An assessment of the relative influence of a vapor recovery system in reducing occupational exposure to volatile organic compounds in high performance liquid chromatography
Occupational exposures to organic solvents, specifically acetonitrile and methanol, have the potential to cause serious long-term health effects. In the laboratory, these solvents are used extensively in protocols involving the use of high performance liquid chromatography (HPLC). Operators of HPLC equipment may be potentially exposed to these organic solvents when local exhaust ventilation is not employed properly or is not available, which can be the case in many settings. The objective of this research was to characterize the various sites of vapor release in the HPLC process and then to determine the relative influence of a novel vapor recovery system on the overall exposure to laboratory personnel. The effectiveness of steps to reduce environmental solvent vapor concentrations was assessed by measuring exposure levels of acetonitrile and methanol before and after installation of the vapor recovery system. With respect to acetonitrile, the concentration was not statistically significant with p=0.938; moreover, exposure after the intervention was actually higher than prior to intervention. With respect to methanol, the concentration was not statistically significant with p=0.278. This indicates that the exposure to methanol after the intervention was not statistically significantly higher or lower than prior to intervention. Thus, installation of the vapor recovery device did not result in statistically significant reduction in exposures in the settings encountered, and acetonitrile actually increased significantly.^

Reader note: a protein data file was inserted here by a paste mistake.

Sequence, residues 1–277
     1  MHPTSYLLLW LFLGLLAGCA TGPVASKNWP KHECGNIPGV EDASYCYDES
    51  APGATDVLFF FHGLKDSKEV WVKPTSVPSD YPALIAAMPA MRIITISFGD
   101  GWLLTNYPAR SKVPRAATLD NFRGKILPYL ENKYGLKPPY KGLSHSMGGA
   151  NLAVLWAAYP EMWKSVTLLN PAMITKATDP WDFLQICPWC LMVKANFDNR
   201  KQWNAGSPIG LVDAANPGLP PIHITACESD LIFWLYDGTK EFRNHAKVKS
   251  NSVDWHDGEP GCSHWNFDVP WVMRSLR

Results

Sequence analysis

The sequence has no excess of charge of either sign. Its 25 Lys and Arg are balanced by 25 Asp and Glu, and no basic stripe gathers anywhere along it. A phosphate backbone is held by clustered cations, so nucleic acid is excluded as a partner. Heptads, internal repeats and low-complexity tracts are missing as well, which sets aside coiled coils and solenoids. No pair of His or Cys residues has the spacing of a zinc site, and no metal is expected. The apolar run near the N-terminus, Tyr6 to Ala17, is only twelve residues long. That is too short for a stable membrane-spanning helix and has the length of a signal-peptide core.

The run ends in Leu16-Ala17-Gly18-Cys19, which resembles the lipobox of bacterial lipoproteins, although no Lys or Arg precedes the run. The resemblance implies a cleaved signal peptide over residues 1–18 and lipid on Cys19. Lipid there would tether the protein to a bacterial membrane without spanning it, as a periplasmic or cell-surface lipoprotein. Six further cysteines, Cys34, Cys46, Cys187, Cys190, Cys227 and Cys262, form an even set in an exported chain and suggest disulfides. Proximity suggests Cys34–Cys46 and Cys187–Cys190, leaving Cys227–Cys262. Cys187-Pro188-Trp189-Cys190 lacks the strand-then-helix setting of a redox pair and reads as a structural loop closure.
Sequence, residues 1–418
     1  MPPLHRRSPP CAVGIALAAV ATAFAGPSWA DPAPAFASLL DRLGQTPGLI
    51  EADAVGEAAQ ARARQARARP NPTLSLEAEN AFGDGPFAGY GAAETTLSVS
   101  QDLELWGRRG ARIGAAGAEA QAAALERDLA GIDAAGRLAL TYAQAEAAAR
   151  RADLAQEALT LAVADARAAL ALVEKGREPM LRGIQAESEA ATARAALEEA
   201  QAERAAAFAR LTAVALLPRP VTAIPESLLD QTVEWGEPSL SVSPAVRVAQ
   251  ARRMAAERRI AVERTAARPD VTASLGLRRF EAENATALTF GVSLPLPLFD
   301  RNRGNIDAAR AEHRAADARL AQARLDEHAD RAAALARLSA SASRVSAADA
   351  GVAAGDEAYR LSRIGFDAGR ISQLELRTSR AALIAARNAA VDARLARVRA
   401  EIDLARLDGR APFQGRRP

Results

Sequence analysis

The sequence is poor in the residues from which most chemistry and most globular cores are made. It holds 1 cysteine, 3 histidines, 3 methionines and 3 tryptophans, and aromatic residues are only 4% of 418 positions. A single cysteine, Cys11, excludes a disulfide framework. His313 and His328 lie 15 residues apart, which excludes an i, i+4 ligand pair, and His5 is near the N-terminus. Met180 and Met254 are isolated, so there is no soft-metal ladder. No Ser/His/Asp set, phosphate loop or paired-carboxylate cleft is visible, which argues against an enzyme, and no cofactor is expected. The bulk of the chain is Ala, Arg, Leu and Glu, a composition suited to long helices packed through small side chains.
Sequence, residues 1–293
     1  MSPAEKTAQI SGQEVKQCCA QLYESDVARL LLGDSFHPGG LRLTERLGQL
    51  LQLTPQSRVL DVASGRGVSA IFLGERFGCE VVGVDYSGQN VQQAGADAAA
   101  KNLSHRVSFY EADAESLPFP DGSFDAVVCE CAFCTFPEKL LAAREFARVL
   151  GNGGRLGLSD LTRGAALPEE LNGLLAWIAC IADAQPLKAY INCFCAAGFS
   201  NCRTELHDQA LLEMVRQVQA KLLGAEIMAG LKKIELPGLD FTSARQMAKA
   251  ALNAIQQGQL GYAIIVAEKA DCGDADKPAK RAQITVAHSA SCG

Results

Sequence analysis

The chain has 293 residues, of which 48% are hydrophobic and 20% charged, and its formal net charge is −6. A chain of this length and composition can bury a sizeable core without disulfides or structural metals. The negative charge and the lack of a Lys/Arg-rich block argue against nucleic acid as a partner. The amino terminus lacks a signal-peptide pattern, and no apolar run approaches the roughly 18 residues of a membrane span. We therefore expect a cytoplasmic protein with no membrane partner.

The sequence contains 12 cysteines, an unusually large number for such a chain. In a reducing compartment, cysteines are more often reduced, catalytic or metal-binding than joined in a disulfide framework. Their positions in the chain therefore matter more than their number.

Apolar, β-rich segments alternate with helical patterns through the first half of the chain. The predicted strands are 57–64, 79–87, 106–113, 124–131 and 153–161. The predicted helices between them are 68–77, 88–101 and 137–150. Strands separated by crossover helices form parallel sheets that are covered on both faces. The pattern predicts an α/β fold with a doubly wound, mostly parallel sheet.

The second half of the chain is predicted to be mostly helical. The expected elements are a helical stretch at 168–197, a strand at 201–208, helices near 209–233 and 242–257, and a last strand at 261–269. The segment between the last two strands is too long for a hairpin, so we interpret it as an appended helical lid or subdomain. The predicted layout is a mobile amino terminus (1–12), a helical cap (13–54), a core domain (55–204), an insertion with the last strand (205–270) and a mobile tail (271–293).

Health Sciences, Occupational Health and Safety|Chemistry, Analytical|Health Sciences, Public Health
Susana Calderon Gonzalez,
"An assessment of the relative influence of a vapor recovery system in reducing occupational exposure to volatile organic compounds in high performance liquid chromatography"
(January 1, 2011).
Texas Medical Center Dissertations (via ProQuest).